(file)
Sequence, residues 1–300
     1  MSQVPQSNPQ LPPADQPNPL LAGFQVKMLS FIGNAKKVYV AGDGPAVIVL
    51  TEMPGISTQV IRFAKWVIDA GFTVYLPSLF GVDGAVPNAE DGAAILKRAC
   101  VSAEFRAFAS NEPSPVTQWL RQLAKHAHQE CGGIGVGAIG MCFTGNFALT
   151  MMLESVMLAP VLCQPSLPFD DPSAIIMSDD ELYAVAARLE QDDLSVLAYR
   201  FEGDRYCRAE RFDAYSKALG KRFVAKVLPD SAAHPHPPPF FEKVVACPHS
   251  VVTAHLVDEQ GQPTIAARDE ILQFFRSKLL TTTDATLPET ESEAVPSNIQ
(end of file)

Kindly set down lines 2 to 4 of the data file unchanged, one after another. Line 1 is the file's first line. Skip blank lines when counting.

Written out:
     1  MSQVPQSNPQ LPPADQPNPL LAGFQVKMLS FIGNAKKVYV AGDGPAVIVL
    51  TEMPGISTQV IRFAKWVIDA GFTVYLPSLF GVDGAVPNAE DGAAILKRAC
   101  VSAEFRAFAS NEPSPVTQWL RQLAKHAHQE CGGIGVGAIG MCFTGNFALT